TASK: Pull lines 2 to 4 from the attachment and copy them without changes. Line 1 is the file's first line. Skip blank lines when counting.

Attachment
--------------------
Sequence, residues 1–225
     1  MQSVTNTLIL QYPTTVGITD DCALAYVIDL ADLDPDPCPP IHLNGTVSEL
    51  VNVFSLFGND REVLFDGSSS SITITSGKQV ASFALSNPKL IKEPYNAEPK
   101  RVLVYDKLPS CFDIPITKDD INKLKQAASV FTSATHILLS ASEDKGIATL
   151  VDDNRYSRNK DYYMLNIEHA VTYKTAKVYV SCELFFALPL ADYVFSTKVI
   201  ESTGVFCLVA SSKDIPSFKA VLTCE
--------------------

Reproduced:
     1  MQSVTNTLIL QYPTTVGITD DCALAYVIDL ADLDPDPCPP IHLNGTVSEL
    51  VNVFSLFGND REVLFDGSSS SITITSGKQV ASFALSNPKL IKEPYNAEPK
   101  RVLVYDKLPS CFDIPITKDD INKLKQAASV FTSATHILLS ASEDKGIATL